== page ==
Growing up in Vancouver, I attended an Islamic school every Saturday. There, I learned that Jews cannot be trusted because they worship “moolah, not Allah,” meaning money, not God. According to my teacher, every last Jew is consumed with business.
But looking around my neighbourhood, I noticed that most of the new business signs featured Asian languages: Mandarin, Cantonese, Japanese, Korean, Hindi, Punjabi and plenty of Urdu. Not Hebrew. Urdu, which is spoken throughout Pakistan.
That reality check made me ask: What if my religious school is not educating me? What if it is indoctrinating me?
I am reminded of this question thanks to the news that Salman Rushdie, author of The Satanic Verses and ten other works of fiction, will be knighted by the Queen of England. On Monday, Pakistan’s religious affairs minister said that in light of how Rushdie has blasphemed Islam with provocative literature, it is understandable why angry Muslims would commit suicide bombings over his knighthood.
Members of Parliament, as well as the Pakistani government, amplified the condemnation of Britain, feeding cries of offense to Muslim sensibilities from Europe to Asia.
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As a Muslim, you better believe I am offended — by these absurd reactions.
I am offended that it is not the first time honours from the West have met with vitriol and violence. In 1979, Pakistani physicist Abdus Salam became the first Muslim to win the Nobel Prize in science. He began his acceptance speech with a verse from the Quran.
Salam’s country ought to have celebrated him. Instead, rioters tried to prevent him from re-entering the country. Parliament even declared him a “non-Muslim” because he belonged to a religious minority. His name continues to be controversial, invoked by state authorities in hushed tones.
I am offended that every year, there are more women killed in Pakistan for allegedly violating their family’s honour than there are detainees at Guantanamo Bay. Muslims have rightly denounced the mistreatment of Guantanamo prisoners. But where is our outrage over the murder of many more Muslims at the hands of our own?
I am offended that in April, mullahs at an extreme mosque in Pakistan issued a fatwa against hugging. The country’s female tourism minister had embraced — or, depending on the account you follow, accepted a congratulatory pat from — her skydiving instructor after she successfully jumped in a French fundraiser for the victims of the 2005 Pakistan earthquake. Clerics announced her act of touching another man to be “a great sin.” They demanded she be fired.
I am offended by their fatwa proclaiming that women should stay at home and remain covered at all times. I am offended that they have bullied music store owners and video vendors into closing shop. I am offended that the government tiptoes around their craziness because these clerics threaten suicide attacks if confronted.
I am offended that on Sunday, at least 35 Muslims in Kabul were blown to bits by other Muslims and on Tuesday, 87 more in Baghdad by Islamic “insurgents”, with no official statement from Pakistan to deplore these assaults on fellow believers. I am offended that amid the internecine carnage, a professed atheist named Salman Rushdie tops the to-do list.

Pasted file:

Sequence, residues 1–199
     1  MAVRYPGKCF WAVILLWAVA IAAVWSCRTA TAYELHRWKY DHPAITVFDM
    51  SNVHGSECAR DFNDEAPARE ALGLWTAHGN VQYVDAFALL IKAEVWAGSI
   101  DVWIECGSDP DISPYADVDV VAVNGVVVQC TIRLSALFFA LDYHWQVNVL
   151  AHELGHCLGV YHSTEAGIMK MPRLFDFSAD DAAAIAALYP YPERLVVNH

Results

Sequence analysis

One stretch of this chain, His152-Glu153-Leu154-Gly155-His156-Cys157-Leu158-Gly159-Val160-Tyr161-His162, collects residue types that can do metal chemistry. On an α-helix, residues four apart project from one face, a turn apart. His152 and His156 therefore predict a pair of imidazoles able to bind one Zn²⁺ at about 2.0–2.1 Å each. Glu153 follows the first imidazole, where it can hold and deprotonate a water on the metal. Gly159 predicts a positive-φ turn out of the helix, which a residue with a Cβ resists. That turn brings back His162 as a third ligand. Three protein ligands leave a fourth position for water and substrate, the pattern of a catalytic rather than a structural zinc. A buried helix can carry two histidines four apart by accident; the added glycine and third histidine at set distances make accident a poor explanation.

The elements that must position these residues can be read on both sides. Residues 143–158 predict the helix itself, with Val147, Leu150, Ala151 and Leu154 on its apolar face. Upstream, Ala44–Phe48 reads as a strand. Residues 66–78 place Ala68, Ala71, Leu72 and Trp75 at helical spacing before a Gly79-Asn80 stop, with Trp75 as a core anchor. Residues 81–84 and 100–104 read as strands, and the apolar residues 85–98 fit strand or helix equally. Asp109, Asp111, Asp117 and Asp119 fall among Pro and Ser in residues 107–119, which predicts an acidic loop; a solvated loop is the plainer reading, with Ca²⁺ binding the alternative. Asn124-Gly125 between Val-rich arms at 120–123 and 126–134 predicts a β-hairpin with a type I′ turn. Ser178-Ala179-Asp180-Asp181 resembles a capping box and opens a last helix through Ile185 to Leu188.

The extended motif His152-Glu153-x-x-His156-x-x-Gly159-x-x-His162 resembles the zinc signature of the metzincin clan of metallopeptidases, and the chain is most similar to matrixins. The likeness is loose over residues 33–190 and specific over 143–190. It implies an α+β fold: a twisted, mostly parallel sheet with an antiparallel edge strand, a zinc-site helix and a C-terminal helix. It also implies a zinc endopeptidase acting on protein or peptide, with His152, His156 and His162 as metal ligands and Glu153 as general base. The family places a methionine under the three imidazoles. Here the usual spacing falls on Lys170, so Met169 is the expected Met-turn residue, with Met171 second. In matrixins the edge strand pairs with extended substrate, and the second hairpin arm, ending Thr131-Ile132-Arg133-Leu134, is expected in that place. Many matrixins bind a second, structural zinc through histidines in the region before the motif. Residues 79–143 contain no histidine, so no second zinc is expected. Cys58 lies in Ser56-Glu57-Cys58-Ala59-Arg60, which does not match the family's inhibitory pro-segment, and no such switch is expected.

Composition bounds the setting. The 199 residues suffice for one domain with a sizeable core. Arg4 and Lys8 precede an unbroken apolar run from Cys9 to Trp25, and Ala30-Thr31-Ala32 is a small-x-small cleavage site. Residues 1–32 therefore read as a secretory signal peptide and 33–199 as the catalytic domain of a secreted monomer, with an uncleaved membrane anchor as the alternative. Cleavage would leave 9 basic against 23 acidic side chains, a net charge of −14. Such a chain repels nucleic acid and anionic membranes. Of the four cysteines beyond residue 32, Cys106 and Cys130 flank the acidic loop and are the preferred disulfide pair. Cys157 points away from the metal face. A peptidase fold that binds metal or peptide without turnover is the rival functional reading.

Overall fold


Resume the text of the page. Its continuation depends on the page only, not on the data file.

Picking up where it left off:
Above all, I am offended that so many other Muslims are not offended enough to demonstrate widely against God’s self-appointed ambassadors. We complain to the world that Islam is being exploited by fundamentalists, yet when reckoning with the opportunity to resist their clamour en masse, we fall curiously silent. In a battle between flaming fundamentalists and mute moderates, who do you think is going to win?
I am not saying that standing up to intimidation is easy. This past spring, the Muslim world made it that much more difficult. A 56-member council of Islamic countries pushed the UN Human Rights Council to adopt a resolution against the “defamation of religion”. Pakistan led the charge. Focused on Islam rather than on faith in general, the resolution allows repressive regimes to squelch freedom of conscience further — and to do so in the guise of international law.
On occasion, though, the people of Pakistan show that they do not have to be muzzled by clerics and politicians. Last year, civil society groups vocally challenged a set of anti-female laws, three decades old and supposedly based on the Quran. Their religiously respectful approach prompted even mullahs to hint that these laws are man-made, not God-given.
This month, too, Pakistanis forced their government to lift restrictions on the press. No wonder my own book, translated into Urdu and posted on my website, is being downloaded in droves. Religious authorities will not let it be sold in the markets. But they cannot stop Pakistanis — or other Muslims — from satiating a genuine hunger for ideas.
In that spirit, it is high time to “ban” hypocrisy under the banner of Islam. Salman Rushdie is not the problem. Muslims are.
After all, the very first bounty on Rushdie’s head was worth Â£1 million. It increased to Â£1.25 million; then higher. The chief benefactor, Iran’s government, claimed to have profitably invested the principal. Hence the rising value of the reward. Looks like Jews are not the only people handy at business.
A Senior Fellow with the European Foundation for Democracy, Irshad Manji is creator of the new documentary Faith Without Fear and author of The Trouble with Islam Today: A Wake-Up Call for Honesty and Change
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